Blog post #452 Freshman Year – part 2

Coaching for Life Success – Freshman Year – part II

Let’s continue looking at things you should be doing in your freshman year to give you an advantage over those millions of college students around the world.

In previous lessons, we have talked about networking and mentors – now is the time to start working on your network and your mentors.

Networking:  If you are thinking about a specific major, check out the various clubs and organizations that relate to that major.  For example, in my field, computer information systems, there was a student organization for those majors. They brought in speakers and professionals in that field.  One event this student organization did was a take-off on speed dating. Each student rotated through six to eight professionals for a five-minute ‘interview’. (A good time to have your elevator speech polished!!) After the interview, the professional gave the student comments about how they did in the interview and how they could improve.  Another student organization did an event where two professional sat with six students around a table. The professionals threw out a question and the students took terms answering it. Sometimes the questions were more open-ended like “If you had a million dollars and had to spend it in a week, what would you do”; and sometimes more specific like “Why did you pick your major” or “What do you see yourself doing in twenty years.  If you have been faithful in doing the previous assignments, you will be ready to answer such questions.

Hang around afterward and ask the visiting professionals on how they picked their majors and their careers.  Ask them for others to network with or to shadow. They have volunteered their time to help students, make the most of it.

Also, start networking with your professors and others.  Stop by to introduce yourself during their office hours. If you are in a large class, (like most freshman classes), introducing yourself will help you understand the professor better.  And it will help them know and understand you. Find out why they picked their major and what path they took to becoming a professor.

This can be tricky.  With your own professors, they something think you are trying to be a “teacher’s pet” and by coming to visit with them, you are really just trying to get on their good side.  Be humble and honest about wanting to network and find out more about careers that might interest you. Build rapport – but don’t be a pest. Never stay longer than 10 minutes unless they seem like they want you to take longer.  (As a professor, I’ve had students that stopped by talk and I couldn’t get rid of them; and also I’ve had students who seemed to really want to know about my suggestions for careers and we talked an hour and it seemed like 10 minutes).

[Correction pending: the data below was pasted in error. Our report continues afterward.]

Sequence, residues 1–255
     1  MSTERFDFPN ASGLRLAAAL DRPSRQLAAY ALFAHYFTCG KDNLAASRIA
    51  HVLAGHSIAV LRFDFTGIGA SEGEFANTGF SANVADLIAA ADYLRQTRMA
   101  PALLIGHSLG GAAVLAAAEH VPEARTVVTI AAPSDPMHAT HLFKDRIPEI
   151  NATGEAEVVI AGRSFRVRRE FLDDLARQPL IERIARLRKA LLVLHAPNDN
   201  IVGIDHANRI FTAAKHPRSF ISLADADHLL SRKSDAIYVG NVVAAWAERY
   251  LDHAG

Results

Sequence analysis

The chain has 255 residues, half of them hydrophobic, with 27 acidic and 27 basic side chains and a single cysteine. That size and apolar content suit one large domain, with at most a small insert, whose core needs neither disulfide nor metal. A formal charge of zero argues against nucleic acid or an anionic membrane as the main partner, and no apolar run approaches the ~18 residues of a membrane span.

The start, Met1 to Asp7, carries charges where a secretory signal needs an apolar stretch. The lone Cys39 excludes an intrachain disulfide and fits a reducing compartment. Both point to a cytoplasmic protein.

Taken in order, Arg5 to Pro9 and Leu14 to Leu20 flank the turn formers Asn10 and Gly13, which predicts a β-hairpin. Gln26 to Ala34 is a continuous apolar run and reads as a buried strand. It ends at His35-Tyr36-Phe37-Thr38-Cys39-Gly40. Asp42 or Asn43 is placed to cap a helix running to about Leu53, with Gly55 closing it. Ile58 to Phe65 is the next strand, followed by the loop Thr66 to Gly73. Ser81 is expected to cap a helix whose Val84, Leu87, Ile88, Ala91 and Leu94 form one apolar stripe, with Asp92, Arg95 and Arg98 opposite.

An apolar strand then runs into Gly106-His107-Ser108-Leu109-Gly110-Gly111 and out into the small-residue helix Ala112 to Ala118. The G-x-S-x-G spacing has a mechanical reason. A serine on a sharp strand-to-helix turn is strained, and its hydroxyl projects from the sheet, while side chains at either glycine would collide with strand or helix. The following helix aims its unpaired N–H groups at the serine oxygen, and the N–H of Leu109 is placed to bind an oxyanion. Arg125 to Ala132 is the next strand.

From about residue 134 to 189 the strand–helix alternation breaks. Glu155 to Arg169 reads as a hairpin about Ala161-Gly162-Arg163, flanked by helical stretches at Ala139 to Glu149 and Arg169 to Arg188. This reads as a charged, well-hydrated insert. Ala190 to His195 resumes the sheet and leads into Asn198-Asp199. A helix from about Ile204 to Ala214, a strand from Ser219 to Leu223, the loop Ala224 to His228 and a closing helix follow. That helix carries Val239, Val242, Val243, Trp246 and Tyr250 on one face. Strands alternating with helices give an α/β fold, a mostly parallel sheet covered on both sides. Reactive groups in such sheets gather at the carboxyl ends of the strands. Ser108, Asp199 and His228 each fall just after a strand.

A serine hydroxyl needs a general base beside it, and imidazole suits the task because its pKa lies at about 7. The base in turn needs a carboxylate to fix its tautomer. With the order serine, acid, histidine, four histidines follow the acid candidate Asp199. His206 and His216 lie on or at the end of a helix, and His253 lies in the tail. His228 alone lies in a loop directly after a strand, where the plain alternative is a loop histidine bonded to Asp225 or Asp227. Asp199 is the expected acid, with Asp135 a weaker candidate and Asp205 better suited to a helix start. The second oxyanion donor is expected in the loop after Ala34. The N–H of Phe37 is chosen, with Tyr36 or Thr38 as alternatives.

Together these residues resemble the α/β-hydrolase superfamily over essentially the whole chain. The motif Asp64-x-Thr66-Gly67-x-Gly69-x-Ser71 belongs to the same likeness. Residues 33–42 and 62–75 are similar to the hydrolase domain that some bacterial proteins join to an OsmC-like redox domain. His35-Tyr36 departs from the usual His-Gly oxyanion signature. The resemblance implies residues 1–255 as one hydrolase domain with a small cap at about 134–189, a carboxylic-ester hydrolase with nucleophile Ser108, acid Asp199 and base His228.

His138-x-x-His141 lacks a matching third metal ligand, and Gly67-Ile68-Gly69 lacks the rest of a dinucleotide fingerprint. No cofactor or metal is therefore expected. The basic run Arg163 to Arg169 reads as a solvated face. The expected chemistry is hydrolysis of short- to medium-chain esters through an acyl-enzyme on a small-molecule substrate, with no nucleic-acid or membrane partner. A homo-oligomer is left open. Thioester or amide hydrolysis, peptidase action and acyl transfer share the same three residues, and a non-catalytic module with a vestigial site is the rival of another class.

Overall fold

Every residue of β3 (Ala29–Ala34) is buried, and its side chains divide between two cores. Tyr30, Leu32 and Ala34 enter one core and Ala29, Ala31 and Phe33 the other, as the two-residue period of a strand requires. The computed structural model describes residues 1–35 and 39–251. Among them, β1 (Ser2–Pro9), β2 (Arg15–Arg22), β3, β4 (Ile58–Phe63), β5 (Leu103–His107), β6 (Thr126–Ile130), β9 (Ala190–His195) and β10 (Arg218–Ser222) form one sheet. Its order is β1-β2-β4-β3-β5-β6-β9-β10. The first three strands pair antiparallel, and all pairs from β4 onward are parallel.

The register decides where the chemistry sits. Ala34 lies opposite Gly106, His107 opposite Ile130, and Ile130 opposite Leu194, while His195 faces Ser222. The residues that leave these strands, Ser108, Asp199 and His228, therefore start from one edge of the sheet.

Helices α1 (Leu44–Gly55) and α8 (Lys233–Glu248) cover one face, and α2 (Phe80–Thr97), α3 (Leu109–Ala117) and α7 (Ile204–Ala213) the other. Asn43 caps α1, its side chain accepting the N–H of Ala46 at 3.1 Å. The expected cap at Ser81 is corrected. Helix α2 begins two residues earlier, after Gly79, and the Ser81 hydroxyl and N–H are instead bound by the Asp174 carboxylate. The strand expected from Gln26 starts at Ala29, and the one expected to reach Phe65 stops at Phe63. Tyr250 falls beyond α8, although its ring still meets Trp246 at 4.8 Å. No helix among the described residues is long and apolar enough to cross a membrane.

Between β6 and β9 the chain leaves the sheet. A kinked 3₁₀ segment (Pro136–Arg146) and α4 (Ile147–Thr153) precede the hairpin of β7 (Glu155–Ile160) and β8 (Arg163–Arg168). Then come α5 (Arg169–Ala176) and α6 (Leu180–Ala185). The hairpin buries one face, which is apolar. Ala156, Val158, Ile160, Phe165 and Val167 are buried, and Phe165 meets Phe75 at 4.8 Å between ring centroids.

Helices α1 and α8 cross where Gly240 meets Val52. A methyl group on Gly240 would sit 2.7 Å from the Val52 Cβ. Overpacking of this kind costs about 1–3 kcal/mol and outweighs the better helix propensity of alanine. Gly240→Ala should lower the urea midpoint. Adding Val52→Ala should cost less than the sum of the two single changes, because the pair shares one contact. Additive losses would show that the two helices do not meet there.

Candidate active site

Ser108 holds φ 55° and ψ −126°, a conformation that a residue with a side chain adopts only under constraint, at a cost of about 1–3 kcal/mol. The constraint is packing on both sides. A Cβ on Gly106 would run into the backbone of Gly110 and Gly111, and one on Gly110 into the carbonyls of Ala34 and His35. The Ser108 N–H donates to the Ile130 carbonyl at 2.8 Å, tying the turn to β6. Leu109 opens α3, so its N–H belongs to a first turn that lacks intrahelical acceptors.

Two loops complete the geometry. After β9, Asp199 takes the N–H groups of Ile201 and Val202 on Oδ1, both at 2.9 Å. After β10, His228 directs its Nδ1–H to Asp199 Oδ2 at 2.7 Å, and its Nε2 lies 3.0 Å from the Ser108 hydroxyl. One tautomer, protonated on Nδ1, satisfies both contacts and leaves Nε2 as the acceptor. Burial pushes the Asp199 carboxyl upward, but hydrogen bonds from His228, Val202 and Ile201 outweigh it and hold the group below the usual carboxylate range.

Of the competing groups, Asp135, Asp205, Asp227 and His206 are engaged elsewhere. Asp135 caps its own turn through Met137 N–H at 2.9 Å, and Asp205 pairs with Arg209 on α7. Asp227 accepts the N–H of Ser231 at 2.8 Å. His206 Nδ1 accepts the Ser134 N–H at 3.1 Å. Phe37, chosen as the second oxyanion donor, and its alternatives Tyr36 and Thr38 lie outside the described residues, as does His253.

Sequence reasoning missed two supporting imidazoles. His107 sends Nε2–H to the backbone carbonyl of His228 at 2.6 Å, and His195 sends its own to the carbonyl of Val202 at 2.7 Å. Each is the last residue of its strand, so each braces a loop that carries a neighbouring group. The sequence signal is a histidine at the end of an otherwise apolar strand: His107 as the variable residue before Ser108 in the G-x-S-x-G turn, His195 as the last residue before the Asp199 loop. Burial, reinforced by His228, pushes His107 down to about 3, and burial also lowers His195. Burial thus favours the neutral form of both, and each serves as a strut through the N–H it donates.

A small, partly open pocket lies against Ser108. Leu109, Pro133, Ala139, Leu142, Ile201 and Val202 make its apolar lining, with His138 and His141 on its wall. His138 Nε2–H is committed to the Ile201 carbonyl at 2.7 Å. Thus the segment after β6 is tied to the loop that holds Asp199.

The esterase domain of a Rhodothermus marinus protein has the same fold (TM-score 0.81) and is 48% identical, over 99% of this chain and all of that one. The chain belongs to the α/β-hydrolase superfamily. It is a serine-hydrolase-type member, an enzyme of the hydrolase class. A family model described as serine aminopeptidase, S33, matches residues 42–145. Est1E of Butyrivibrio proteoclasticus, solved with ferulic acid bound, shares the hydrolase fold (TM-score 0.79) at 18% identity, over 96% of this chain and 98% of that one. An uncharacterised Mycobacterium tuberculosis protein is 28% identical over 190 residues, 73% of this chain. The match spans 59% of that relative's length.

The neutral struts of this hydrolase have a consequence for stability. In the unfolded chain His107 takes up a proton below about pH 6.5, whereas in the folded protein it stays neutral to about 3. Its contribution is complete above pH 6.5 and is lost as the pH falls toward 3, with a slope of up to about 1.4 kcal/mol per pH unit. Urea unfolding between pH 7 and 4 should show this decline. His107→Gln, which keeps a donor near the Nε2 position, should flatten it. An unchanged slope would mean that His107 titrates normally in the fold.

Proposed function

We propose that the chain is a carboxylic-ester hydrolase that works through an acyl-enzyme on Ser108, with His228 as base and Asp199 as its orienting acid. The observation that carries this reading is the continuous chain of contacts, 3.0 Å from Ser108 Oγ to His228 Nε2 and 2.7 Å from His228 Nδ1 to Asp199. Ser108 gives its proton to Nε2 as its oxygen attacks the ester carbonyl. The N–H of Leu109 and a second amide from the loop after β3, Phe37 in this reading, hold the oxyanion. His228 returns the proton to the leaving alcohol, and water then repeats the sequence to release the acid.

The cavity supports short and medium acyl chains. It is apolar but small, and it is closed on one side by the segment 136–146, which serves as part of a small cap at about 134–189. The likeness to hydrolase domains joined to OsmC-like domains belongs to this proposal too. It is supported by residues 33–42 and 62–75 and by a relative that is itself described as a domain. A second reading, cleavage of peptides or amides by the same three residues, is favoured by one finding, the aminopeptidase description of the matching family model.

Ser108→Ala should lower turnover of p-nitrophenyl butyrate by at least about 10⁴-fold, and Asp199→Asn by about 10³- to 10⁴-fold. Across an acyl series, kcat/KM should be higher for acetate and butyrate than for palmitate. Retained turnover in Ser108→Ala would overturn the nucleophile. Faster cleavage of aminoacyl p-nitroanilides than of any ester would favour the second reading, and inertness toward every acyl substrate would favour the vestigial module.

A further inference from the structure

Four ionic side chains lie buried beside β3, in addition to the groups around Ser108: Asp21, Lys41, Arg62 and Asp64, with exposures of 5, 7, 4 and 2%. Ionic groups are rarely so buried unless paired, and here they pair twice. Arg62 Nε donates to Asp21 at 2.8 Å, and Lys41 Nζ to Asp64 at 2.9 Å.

I would ask where the student is from (nice icebreaker), what activities they were in high school, what major they were thinking about, what groups they were thinking of joining on campus, and other gentle ‘getting to know you’ questions.  Don’t go into political, religious or other controversial topics – your professors are probably twice as old as you are and probably have their politics, religion and other factors figured out for themselves!!

And a word of precaution.  I NEVER met a student in my office with the door closed.  Keep the door open (especially for female students with male professors).

Network with others at or near your university.  Every university has an alumni network. Stop by, introduce yourself and see if there are alumni from your major in your hometown that you can network with over Thanksgiving break, Christmas / semester break, and spring break.  Most alumni are very loyal to their university and will try to help a current student. Maybe you can volunteer to help in the alumni office (watch your time commitment).

Mentor: It is time to start looking for more specific networking help with mentors.  If you feel you have a good rapport with a faculty member or other, ask them if they would like to mentor you.  Give them some ideas of what you are looking for. It needs to be a two-way relationship – they have to get some value out of working with you and you with working with them.  If you are just using the relationship to find an internship or job, it isn’t as valuable as letting them feel valuable in career direction and assistance.

Things to think about:

  • Start working on your network.  Make appointments to introduce you to your professors and possibly others.
  • Then refine your relationships to look for more specific and deeper relationships with a mentor.

Quote:  “The mediocre teacher tells. The good teacher explains. The superior teacher demonstrates. The great teacher inspires.” ― William Arthur Ward


Posted by Bruce White

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